Nature and Human Nature in the Old World and the New
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In 15,000 B.C. early humankind, who had evolved in Africa tens of thousands of years before and spread out to populate the Earth, arrived in Siberia, during the Ice Age. Because so much water was locked up at that time in the great ice sheets, several miles thick, the levels of the world’s oceans were much lower than they are today, and early humans were able to walk across the Bering Strait, then a land bridge, without getting their feet wet and enter the Americas.
Then, the Ice Age came to an end, the Bering Strait refilled with water and humans in the Americas were cut off from humans elsewhere in the world. This division – with two great populations on Earth, each oblivious of the other – continued until Christopher Columbus ‘discovered’ America just before 1500 A.D. This is the fascinating subject of THE GREAT DIVIDE, which compares and contrasts the development of humankind in the ‘Old World’ and the ‘New’ between 15,000 B.C. and 1500 A.D. This unprecedented comparison of early peoples means that, when these factors are taken together, they offer a uniquely revealing insight into what it means to be human.
THE GREAT DIVIDE shows that three factors above all account for the different civilisations in the Old World and the New – weather, which is much more violent in the New world, domesticated mammals (the New world didn’t have any, to speak of), different vegetation (cereals in the Old world, hallucinogens in the New). The book offers a masterly and totally original synthesis of archaeology, anthropology, geology, meteorology, cosmology and mythology, to give a new shape – and a new understanding – to human history.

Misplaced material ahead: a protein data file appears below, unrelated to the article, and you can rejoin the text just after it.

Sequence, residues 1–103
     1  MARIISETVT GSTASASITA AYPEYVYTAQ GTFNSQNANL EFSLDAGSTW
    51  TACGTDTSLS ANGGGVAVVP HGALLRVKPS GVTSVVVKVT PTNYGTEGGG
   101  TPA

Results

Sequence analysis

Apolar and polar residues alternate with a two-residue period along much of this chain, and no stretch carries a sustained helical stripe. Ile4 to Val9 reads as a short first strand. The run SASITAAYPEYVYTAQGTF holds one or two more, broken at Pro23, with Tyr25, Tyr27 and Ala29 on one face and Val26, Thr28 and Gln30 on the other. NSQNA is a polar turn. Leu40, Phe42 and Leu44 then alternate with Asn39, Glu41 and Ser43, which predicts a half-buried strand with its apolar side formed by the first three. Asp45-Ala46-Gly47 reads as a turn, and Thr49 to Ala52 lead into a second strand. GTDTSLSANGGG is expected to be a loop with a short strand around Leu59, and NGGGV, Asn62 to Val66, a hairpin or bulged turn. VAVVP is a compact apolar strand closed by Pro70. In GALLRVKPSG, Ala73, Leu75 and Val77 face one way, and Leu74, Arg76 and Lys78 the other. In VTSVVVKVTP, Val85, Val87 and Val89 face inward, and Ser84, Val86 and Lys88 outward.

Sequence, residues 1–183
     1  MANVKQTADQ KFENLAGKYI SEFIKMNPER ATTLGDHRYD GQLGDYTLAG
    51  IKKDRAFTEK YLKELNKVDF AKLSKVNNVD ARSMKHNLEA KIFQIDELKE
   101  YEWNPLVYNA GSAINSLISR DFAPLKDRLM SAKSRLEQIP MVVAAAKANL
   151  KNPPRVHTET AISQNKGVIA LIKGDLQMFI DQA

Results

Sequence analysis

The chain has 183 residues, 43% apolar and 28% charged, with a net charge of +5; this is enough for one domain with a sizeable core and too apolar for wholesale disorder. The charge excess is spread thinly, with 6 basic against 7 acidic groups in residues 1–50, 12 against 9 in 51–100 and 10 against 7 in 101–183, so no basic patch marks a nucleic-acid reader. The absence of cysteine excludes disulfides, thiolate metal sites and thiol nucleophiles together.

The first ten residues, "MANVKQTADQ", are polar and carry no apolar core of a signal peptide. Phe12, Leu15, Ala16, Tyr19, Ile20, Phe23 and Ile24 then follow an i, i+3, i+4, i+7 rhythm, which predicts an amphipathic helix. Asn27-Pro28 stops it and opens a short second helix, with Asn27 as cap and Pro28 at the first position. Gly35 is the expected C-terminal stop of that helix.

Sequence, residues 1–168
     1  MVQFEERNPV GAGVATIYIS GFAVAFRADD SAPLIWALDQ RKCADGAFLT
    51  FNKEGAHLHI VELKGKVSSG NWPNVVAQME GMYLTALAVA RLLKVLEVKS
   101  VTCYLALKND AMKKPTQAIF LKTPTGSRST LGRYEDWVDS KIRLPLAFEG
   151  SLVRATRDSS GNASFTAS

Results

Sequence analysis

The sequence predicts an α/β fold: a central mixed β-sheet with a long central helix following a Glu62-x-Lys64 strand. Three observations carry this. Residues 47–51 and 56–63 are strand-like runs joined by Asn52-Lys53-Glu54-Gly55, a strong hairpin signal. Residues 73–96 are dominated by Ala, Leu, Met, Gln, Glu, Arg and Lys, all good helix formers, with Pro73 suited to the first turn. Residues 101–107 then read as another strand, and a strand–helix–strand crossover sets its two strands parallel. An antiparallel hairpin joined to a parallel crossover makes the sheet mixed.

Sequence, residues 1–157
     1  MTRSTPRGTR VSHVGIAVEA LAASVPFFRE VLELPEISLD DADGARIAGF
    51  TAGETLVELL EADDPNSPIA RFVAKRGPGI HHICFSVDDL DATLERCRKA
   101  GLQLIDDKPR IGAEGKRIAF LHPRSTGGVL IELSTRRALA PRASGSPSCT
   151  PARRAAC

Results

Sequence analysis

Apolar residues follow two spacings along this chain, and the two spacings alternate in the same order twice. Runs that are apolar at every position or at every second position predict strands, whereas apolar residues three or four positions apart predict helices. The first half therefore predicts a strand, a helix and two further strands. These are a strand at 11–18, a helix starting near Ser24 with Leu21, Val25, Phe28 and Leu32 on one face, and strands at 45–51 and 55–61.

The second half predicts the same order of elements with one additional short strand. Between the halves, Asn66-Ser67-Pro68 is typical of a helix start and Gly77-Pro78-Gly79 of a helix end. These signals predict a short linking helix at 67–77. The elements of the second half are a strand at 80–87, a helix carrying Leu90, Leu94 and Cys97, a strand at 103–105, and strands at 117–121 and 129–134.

Reviews of The Great Divide
"The past, Peter Watson argues in this magnificent history of sixteen and a half millennia, is a whole series of foreign countries … Impossible, of course, to summarise this massive book in a small review. Sufficient, perhaps, to say that the year’s first necessary read is here."
"An exhilarating ride."